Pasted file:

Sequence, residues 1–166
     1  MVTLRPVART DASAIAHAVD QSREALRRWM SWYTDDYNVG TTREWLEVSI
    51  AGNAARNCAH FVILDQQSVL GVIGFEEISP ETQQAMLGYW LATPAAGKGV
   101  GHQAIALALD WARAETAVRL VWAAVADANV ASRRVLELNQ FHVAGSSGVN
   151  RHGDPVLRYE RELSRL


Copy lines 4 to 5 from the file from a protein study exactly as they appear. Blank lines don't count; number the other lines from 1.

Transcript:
   101  GHQAIALALD WARAETAVRL VWAAVADANV ASRRVLELNQ FHVAGSSGVN
   151  RHGDPVLRYE RELSRL